Maybe our own mothers modeled this for us. Maybe they did not. Regardless, we can heal, we can grow, and we can be our own best mothers. With time and practice, we can also spread our love and our healing to those around us. As long as we live, we will be given opportunities to get it right.
During the last few days of her life, my mother released resentments she had held for nearly ninety years. As she let go, she grew in love and wisdom. What a gift she gave me, for by figuring out how to die, she learned how to live, and I was there to witness to her transformation.
Changing Ourselves and Others
If that abusive woman were someday given such a gift, would it change her life? Might she discover a compassionate inner mother and thus learn to love herself? By this, I mean true love, not the narcissistic bluster we occasionally call self-love. If so, perhaps she could then learn to love others. In this way, on some small scale, she could make the world a more kind and joyful place.
When we turn the judgmental and shaming voices inside us into ones of acceptance and patient forgiveness, compassion and wisdom, we, too, help create kindness and joy. We help bend that arc toward justice and toward love.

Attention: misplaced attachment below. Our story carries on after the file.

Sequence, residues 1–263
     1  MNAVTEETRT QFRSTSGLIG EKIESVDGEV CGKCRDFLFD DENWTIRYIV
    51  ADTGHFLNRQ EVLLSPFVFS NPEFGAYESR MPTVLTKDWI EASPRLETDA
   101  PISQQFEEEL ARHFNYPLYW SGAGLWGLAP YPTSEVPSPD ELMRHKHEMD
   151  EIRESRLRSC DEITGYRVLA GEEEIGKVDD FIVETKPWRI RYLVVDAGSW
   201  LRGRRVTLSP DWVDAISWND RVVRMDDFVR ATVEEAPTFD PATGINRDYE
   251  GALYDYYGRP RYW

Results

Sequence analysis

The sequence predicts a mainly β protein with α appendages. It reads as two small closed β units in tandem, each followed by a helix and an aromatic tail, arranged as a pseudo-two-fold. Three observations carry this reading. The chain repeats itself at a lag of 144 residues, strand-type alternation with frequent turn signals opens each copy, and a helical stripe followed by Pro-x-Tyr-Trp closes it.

In faith and fondness,
- According to Garson, Quote Investigator, November 15, 2012,
https://quoteinvestigator.com/2012/11/15/arc-of-universe/, accessed /11/19, this idea – that of the arc of the moral universe bending toward justice – was preached in a sermon by Theodore Parker in Ten Sermons of Religion published by Crosby, Nichols, & Co., in 1853, 84-85. Martin Luther King, Jr., used the phrasing I quoted in “Out of the Long Night,” published in the Gospel Messenger, February 8, 1958, 14.
- Priebe, Heidi, “If You’re Confused About Your Enneagram Type, Read This,” Thought Catalog, April 5, 2019, https://thoughtcatalog.com/heidi-priebe/2015/11/if-youre-confused-about-your-enneagram-type-read-this/, accessed 5/8/19.
- McCormick, Jill, “Each Ennegram Type’s Biggest Fear and What to Do About It,” Relevant, November 19, 2018,https://relevantmagazine.com/culture/each-enneagram-types-biggest-fear-and-what-to-do-about-it/ , accessed 5/8/19.
Copyright © 2019 Barbara E. Stevens All Rights Reserved